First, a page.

Their obituary had already been penciled in. ‘Good team that could’ve been greater’. Fans and analysts had already declared them finished before they could even blossom to their best.
Two years ago, Chicago had the league’s MVP, Coach of the Year, the best regular season record, and were one step away from making the NBA Finals for the first time since a certain Number 23 roamed their famous halls. But they failed, losing to LeBron James and the Heat in the Eastern Conference Finals. But even in defeat was the promise of future victory, and a season later – even in the regular absence of their injury-plagued MVP – they found themselves at the top of the East again.
Only this time, defeat struck more tragically. Their reigning MVP – Derrick Rose – went down to a torn ACL in the first game of the 2012 Playoffs. A week later, the Bulls were shocked and defeated in the first round by the No. 8 seed 76ers. When it was revealed that the then 23-year-old Rose would be injured for nearly another year, defeat turned into devastation. Their progress wasn’t just stalled, it was shattered. Their rivals in the East – the Heat, Knicks, Pacers, Nets, Hawks, 76ers and ever dangerous Celtics – were going to be better. The prevailing wisdome was that the return of the Bulls might have to wait for another era.
Only the team itself didn’t get that memo. For as long as the Chicago Bulls were concerned, they were going to keep winning, with or without Rose.
Led by Coach Tom Thibodeau, who has built a defensive system in Chicago above the talents of any one individual, the Bulls find themselves in the thick of the action in the Eastern Conference again. Rose hasn’t played a minute of action all year, but with the brilliant play of their triumvirate of star role players – Luol Deng, Joakim Noah, and Carlos Boozer – the Bulls are 23-16 and battling for fourth place in the East. They have won seven of their last 10 games and – with the return of Derrick Rose in sight – are once again starting to look like one of the most fearsome teams in the league.
Deng is clocking nearly 40 minutes a contest (leading the league in minutes played), continuing his stellar form as a jack-of-all-trades and taking over the reigns as the team’s leading scorer in Rose’s absence. He’s a tough perimeter defender and has shown the nerves of steel to hit big shots in big moments.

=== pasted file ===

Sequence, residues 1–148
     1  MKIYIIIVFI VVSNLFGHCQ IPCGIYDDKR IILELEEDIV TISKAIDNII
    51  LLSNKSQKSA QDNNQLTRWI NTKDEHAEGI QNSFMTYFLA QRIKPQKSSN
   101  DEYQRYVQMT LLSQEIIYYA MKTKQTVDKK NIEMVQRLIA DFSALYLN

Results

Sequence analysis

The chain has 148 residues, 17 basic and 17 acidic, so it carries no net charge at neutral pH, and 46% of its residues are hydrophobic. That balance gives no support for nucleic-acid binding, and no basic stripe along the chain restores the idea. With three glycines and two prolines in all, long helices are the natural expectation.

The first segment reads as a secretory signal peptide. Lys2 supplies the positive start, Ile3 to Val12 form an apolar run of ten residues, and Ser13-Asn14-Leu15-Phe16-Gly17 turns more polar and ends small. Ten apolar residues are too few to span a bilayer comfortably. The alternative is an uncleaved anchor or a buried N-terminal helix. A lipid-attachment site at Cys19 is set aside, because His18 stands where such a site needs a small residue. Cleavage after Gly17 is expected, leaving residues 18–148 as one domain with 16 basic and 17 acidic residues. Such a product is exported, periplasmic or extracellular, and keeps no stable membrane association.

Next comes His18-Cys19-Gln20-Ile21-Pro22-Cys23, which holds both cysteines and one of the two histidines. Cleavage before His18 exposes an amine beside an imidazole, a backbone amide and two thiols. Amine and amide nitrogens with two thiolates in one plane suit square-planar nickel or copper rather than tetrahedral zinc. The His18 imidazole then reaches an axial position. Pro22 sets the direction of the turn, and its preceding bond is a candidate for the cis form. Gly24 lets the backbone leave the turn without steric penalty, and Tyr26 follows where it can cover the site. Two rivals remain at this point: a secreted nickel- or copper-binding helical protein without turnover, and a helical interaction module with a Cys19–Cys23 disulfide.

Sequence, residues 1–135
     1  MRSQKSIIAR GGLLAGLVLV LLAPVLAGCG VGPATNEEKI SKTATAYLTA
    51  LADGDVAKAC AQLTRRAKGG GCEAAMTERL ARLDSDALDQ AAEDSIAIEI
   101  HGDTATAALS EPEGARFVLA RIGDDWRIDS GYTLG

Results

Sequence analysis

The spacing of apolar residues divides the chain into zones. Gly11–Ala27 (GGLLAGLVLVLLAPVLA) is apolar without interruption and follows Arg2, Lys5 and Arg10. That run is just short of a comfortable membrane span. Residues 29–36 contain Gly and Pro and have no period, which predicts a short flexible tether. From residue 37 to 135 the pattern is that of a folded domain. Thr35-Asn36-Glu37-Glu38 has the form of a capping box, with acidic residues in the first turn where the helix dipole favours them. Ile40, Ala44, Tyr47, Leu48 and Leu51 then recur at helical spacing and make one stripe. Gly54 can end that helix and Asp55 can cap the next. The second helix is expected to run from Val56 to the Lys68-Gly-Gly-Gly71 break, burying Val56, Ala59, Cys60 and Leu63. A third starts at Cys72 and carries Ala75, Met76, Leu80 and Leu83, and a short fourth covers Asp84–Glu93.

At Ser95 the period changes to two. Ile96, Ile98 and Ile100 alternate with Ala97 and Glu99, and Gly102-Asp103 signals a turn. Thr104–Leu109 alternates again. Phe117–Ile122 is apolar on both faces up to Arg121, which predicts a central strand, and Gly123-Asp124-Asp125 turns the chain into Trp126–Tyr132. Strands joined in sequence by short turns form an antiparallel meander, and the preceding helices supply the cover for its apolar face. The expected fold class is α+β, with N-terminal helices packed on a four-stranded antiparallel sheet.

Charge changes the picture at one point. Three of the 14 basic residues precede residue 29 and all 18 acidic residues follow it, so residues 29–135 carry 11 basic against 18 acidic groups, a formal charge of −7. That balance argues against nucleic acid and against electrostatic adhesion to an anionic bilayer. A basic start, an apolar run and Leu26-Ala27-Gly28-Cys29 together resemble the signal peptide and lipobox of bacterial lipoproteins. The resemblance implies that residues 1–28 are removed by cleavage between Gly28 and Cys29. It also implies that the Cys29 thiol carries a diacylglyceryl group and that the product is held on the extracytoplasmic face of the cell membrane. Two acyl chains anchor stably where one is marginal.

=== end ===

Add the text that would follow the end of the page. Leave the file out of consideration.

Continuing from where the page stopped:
If Deng is the glue that has held this team together, Noah is the pillar that has lifted the team and given them their tough-as-nails identity. Noah is playing over 38 minutes a contest too. Known primarily for being a tough post defender and rebounder, Noah’s increased minutes have also led him to average his career-high in scoring this season.
And then there’s Carlos Boozer. The high-paid power forward may have never developed into a high-scoring superstar in Thibodeau defense-first philosophy, but he has become comfortable in his role as Chicago’s primary offensive post threat. He has especially upped the ante in the New Year (coinciding with the Bulls’ 7-3 run in 2013), where he has averaged nearly 24 points and 11 rebounds per contest and has developed into a regular 20-10 threat in any given match-up.
All three are playing near an All-Star level, and it will be interesting to see which one (or two, or three?) the NBA coaches pick to name as a reserve on the Eastern Conference All-Star squad. But they are certainly not alone. In the absence of Rose, Chicago needed their supporting cast to step up, and the likes of Richard Hamilton, Nate Robinson, Marco Belinelli, Taj Gibson, and Kirk Hinrich have stepped up on both ends of the court to help keep the team in contention.
Thibodeau is the mastermind who continues to steer the ship and continues to keep them hungry for success. In a season where they could have so easily rolled up and quit, their head coach has kept them motivated.
The return of Rose is imminent; sources say he could be in uniform by late February. If the Bulls continue to keep their heads above water until his comeback, they should be ready for lift off by the time the playoffs begin. Few are expecting Rose to be in MVP form anytime soon again, but – even at say, 70 percent – he has the talent to make a good team into a great one.
Don’t write that obituary just yet.